State lawmakers from the area are taking notice of a possible takeover of the Southbridge school system. State education officials have described the system as being in disarray and a candidate for receivership.
Sen. Ryan C. Fattman, R-Webster, will meet Thursday at the Statehouse with Education Commissioner Mitchell D. Chester and other members of the Baker administration to discuss the troubled district.
Mr. Chester said during the state Board of Elementary and Secondary Education's December meeting that he is contemplating a recommendation that Southbridge be deemed Level 5 and chronically underperforming. If the board agrees, the state would appoint a receiver to run the district. The receiver would have the broad authority of both the superintendent and School Committee.
Mr. Fattman said: "The reason why I want to meet with the commissioner is for him to spell out what he’s thinking in that process, before I endorse it 100 percent or reject it 100 percent.
"But I think you have to solve the problem, and what’s been happening, clearly, is unacceptable, and it’s been happening for over a decade."
Asked if he would be in favor of receivership, Mr. Fattman said, "I don’t view receivership with hostility; I see it as an antidote to a problem."
State Rep. Peter J. Durant, R-Spencer, has suggested that Level 5 for Southbridge "has some benefits."
Mr. Durant said, "If we look at the historical data from the schools, it may make some sense to talk seriously about letting the state step in and provide some leadership."
Mr. Durant said he spoke to Mr. Chester about Southbridge schools before Christmas.
"Look, we’re all concerned," Mr. Durant said. "We all want what’s best for kids in Southbridge."
Asked if he was hearing from parents and residents who embrace a state takeover, Mr. Durant said, "I think a lot of people do."
He said his office has been hearing from concerned parents who wonder if they should leave their children in Southbridge, or opt for school choice or private schools.
"To me, that’s a tough decision, one that a parent has to make." Mr. Durant said there are benefits to both staying and leaving.
"If you want to make your school better, stay there and work with everybody and take an active role," he said. "But I do recognize how incredibly difficult the situation is."
Lawrence, which was assigned a receiver in 2012, and Holyoke, assigned one last year, are the state's only Level 5 districts. Each has a turnaround plan under their respective receivers.
The turnaround plans are for three years, at a minimum, said Department of Elementary and Secondary Education spokeswoman Jacqueline Reis.
But it’s reasonable to assume it could take longer. Lawrence’s, for instance, was renewed recently, she said. In order to exit Level 5 status, the district needs to not only show progress but also demonstrate it is capable of sustaining and building upon that improvement.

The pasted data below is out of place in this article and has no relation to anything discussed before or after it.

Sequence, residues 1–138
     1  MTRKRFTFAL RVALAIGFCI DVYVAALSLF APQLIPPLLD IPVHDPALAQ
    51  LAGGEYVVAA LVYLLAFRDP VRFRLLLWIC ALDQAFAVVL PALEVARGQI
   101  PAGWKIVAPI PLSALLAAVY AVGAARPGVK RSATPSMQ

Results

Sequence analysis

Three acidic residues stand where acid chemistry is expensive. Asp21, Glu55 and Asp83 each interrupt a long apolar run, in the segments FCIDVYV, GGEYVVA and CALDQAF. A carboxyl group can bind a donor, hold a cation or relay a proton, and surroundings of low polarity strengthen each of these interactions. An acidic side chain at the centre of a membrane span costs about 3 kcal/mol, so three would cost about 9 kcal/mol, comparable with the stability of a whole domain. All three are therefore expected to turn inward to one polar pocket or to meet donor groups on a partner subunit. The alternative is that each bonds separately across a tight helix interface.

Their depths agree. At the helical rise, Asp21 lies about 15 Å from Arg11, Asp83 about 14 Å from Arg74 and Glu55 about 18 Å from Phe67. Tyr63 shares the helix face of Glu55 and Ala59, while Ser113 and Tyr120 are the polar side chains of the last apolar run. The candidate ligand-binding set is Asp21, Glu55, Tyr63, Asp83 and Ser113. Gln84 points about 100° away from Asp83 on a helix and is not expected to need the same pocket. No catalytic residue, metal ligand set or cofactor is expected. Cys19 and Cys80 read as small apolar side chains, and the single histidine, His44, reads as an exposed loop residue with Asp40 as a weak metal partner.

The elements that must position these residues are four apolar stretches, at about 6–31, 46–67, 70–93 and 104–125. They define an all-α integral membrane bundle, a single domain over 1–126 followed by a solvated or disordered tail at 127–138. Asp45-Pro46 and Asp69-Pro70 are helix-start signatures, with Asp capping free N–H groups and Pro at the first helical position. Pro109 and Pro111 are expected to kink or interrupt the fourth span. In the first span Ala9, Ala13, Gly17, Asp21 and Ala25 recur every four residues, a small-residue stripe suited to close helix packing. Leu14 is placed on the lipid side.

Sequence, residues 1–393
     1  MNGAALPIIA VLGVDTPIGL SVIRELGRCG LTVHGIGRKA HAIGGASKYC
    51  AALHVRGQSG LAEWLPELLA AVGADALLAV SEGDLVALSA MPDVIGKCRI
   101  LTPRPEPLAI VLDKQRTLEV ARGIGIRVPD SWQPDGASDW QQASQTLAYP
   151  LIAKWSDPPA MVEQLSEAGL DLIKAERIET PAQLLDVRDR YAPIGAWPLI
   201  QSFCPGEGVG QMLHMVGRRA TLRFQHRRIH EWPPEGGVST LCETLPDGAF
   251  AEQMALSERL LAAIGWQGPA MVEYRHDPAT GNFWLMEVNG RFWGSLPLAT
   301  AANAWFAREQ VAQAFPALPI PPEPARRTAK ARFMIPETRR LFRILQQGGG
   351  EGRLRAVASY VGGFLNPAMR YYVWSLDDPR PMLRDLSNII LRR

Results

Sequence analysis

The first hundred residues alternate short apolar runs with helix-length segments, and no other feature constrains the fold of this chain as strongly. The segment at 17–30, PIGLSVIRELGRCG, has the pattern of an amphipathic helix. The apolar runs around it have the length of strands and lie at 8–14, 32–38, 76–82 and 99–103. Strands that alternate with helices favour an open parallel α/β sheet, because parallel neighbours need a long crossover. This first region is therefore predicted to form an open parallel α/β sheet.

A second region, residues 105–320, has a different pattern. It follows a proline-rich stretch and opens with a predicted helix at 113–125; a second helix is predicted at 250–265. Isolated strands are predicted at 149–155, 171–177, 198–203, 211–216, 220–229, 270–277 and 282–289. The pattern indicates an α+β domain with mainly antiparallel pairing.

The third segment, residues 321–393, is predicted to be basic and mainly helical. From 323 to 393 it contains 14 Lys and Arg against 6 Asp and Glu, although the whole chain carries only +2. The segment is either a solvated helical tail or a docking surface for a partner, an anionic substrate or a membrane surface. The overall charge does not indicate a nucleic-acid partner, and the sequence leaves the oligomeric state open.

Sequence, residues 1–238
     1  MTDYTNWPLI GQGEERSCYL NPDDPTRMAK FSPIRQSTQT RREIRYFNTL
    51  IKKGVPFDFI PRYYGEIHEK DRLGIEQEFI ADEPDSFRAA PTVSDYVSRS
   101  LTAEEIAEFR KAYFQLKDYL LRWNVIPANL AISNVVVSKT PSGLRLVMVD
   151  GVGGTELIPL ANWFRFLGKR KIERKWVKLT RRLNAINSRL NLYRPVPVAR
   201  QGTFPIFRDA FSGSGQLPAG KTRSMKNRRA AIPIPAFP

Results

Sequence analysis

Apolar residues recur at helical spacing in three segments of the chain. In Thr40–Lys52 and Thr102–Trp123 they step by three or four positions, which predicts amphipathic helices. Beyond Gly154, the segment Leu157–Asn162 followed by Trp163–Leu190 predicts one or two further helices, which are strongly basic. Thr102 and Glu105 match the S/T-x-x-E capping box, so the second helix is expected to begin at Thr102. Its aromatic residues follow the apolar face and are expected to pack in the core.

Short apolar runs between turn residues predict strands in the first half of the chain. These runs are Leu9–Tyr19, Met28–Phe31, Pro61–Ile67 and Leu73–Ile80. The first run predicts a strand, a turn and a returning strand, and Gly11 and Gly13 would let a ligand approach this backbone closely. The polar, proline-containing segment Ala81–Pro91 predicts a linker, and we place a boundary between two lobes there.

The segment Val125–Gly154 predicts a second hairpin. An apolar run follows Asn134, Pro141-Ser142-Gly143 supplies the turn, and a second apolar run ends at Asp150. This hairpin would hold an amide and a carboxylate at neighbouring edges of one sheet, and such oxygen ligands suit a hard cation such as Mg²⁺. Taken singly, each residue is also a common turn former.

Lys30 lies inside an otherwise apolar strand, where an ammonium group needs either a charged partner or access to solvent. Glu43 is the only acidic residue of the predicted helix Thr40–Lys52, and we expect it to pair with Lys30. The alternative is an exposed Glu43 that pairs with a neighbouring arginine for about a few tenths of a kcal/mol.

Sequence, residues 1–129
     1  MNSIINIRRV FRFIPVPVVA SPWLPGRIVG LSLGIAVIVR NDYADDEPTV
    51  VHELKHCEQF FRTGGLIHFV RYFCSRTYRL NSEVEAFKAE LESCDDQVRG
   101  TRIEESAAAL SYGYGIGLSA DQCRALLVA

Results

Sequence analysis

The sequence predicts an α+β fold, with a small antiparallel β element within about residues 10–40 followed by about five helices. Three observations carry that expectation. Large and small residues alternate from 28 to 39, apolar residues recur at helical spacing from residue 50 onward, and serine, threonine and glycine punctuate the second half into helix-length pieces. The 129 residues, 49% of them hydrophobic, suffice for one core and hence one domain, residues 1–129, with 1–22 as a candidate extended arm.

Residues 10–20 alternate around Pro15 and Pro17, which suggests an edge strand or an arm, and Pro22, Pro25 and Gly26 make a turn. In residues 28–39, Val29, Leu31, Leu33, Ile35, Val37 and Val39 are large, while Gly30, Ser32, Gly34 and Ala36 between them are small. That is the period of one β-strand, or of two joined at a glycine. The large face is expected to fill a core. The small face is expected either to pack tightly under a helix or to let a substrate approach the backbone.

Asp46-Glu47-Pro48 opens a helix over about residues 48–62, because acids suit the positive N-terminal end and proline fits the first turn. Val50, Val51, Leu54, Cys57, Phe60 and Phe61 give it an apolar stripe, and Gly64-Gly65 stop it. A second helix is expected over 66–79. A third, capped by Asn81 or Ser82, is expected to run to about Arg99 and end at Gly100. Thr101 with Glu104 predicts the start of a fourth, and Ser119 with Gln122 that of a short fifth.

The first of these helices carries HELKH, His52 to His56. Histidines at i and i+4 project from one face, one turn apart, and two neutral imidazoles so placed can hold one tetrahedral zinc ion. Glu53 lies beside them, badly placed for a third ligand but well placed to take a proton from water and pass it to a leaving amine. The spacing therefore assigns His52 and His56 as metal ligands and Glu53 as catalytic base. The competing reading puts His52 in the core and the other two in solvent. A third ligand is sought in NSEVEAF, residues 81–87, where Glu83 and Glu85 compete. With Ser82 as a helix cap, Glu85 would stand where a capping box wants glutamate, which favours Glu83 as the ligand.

Ms. Reis said there has never been an instance in which the commissioner recommended receivership, and the board, after the hearing process, voted against the commissioner's recommendation.
The DESE board meets later this month.
Southbridge has more than 2,200 students, with 72 percent of them classified as having high needs, and 165 teachers. Southbridge was declared an underperforming Level 4 district by the state in 2004. DESE has monitored and managed its accelerated improvement plan since 2012.
More than 10 percent of the district's students were suspended at least once last year, and 34 percent of students at the middle-high school last year failed at least one course, state studies have shown.
State officials say Southbridge's leadership is in disarray, with seven superintendents since 2011.
Town Council Chairman Esteban Carrasco Jr. said, "My view is that we are in need of a change; we are in need of help. Every day that goes by, our children are the ones that are going to feel the effect. Whether the state comes in and takes over, or whether our School Committee continues, all I can do is hope that the right decisions are made on a daily basis."
Mr. Carrasco said Southbridge teachers were giving "a 110-percent effort."
"It's a very difficult environment to teach in when you don’t have consistent leadership on top," he said.
Last year, the Town Council in an 8-1 vote issued a letter of no-confidence in the School Committee to the state. The council at the time cited the prolonged absence of a transparent and traditional search for a superintendent.
Mr. Carrasco initiated the action.
He said he doesn't regret that the letter was issued.
"Considering the circumstances that were before me at the time, I think it was needed," he said. "Unfortunately, we’re still in the position where we don’t have a superintendent."
Mr. Carrasco said he couldn't speak for the council concerning whether it still lacked confidence in the school board.
"There has been a greater level of communication between the School Committee and Town Council, and also our town manager and interim superintendent."
He continued: "I can say that moving forward, as a council, I’m going to vow to do whatever it takes to support our school district, to do what we can for our children, because while adults play these games, our children are suffering."